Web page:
Not long before I left the rocket business, management hosted a meeting for young engineers who had expressed an interest in joining the company. The potential candidates were surveyed regarding the kinds of priorities they had, both in their personal lives and careers. Overwhelmingly, they said that staying connected was highest on their list, and that meant through sophisticated electronics, namely PDAs, or personal digital assistants.
When I first heard that — and after someone told me what a PDA was — I was stunned. But now, not so much.
Think about it, or think about what a PDA — today’s smart cell phone — entails. It is, in a larger sense, a mobile communications center, a home office for your pocket, complete with a nearly full service computer. I still find that a bit too much and probably always will; full-size keyboards and a nearby kitchen are a lot closer to my style. But more and more, I find myself in a shrinking minority in that preference. For today’s sub-40 population, mobility and speed are everything.
With one of these guys in hand, you could create a complete, complex project, sans desk, telephone (land line), file drawers and paper.
Here’s what you can do with an iPad…
Say you wanted to do a 5,000-word report on red-tailed hawks (just for instance). First, you go out into the field where you encounter the birds and nesting areas. You verbally record notes into your iPad, which can be instantly converted into text for the report. You take pictures that will be included in the report and store them away. You go on line for more information on the various species of hawks, as well as the names of experts who you can call for still more info and add that to the file ( record the call and convert into text). You use the PowerPoint software to create graphics and charts.
Then you create the report, with a printable version, as well as a “live” version that can include videos and slide shows, which you can now email your boss and all 500 of your friends to brag about. And it’s all been done on a hand-held tool that only requires periodic charging.
I mean, are you kidding me?!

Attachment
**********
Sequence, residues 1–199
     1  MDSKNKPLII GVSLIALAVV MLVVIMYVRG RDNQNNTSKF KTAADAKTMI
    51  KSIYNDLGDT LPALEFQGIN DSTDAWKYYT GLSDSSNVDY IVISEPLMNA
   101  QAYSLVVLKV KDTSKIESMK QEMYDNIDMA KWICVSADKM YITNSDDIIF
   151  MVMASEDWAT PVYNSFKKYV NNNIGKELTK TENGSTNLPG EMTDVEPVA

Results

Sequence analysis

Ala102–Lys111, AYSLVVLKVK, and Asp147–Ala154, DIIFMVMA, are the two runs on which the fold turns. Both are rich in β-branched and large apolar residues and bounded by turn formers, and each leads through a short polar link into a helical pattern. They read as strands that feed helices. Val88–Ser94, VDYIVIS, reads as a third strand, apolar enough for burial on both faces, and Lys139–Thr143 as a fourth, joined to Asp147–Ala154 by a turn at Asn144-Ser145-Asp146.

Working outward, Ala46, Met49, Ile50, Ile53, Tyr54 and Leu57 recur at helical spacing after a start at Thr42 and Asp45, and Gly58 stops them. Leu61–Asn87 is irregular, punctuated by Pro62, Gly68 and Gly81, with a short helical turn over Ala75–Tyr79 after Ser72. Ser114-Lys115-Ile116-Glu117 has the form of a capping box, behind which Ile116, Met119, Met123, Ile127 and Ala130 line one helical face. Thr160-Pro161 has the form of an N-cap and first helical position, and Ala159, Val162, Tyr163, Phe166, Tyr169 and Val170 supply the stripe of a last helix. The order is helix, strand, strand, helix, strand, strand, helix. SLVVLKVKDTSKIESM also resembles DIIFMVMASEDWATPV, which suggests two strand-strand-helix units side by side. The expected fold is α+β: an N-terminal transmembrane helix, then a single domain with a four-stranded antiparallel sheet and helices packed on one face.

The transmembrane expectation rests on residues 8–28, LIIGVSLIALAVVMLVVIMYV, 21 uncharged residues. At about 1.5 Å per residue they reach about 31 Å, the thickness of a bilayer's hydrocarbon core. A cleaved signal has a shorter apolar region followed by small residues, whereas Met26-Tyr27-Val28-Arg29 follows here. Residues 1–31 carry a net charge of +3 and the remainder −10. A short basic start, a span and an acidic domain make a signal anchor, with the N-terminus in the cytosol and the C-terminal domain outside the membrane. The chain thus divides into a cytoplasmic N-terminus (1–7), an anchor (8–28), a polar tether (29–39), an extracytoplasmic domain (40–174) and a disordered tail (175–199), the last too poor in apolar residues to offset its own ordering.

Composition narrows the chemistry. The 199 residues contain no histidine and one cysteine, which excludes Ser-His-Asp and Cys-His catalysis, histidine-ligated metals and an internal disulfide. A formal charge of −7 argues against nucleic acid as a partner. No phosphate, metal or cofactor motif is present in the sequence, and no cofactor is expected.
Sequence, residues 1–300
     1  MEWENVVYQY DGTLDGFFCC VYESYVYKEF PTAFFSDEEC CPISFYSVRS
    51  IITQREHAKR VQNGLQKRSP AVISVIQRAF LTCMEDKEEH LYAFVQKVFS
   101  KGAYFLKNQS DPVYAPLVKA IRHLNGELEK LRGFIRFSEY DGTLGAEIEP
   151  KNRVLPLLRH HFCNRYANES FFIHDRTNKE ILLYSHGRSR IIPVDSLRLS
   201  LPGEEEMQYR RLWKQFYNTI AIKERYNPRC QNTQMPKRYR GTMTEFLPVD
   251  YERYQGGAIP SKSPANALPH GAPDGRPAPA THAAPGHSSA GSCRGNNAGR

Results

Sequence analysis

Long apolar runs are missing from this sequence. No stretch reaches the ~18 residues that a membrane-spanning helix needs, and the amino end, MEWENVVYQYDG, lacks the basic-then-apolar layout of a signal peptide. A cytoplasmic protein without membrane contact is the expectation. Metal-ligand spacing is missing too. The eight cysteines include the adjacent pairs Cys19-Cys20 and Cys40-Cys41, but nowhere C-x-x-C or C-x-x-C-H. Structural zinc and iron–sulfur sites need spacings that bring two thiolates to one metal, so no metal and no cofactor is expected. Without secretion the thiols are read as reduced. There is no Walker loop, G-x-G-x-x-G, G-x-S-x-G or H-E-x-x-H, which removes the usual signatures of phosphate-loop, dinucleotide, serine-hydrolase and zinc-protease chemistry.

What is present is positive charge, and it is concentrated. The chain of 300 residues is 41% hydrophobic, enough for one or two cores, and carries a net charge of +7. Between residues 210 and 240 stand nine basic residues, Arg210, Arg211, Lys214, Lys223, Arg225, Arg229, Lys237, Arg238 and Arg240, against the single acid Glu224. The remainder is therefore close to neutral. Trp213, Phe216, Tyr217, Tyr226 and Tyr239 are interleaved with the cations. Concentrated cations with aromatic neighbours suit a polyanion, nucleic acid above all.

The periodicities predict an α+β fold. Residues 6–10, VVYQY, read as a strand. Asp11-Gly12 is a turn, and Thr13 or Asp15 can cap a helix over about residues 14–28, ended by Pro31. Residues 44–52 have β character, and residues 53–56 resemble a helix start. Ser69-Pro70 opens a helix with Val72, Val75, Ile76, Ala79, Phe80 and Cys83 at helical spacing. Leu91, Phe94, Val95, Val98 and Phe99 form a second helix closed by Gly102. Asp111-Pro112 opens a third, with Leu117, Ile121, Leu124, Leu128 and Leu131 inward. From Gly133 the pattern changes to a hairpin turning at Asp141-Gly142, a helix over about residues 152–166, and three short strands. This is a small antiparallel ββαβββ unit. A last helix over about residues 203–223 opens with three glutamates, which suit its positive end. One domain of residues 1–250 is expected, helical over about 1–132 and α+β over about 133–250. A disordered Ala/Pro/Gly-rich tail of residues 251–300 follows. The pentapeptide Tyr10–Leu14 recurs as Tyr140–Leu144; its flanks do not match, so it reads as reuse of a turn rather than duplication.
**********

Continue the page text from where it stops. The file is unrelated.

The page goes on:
Never mind a Nikon and a laptop, I go all the way back to card catalogues, typewriters, film and tripods, to say nothing of the weeks involved in pulling one of those things together. Yeah, and hand-written drafts, waiting for proofs, along with cornering the time to do all of it. Little wonder that the small-time reporter (not journalist) is rapidly becoming king on web-based news.
What this means — what it has meant in recent years — is smaller and smaller tools that in turn facilitate multi-tasking, the ability and the wherewithal to do several things at the same time…the problem being that sharp focus is reduced. I continue to be one of the concentrating type, with my eyes set on single items or considerations, otherwise confusion seems to set in. No so, of course, with the PDA-attached generation, with the consensus fully attuned to doing more in less time, which is not exactly the same thing as productivity.
Again, I’m impressed with the slick facility of the pocket office. As we’re forever saying, such devices were considered a very long ways from reality a generation ago. And now much of the novelty has worn off, with practicality appreciated. The worry, however, is that undue fascination with endless technology undercuts the value and need for creative depth and dedication. There is not now, and never will be, a substitute for a blank piece of paper and pen in the hands of one person of talent and energy.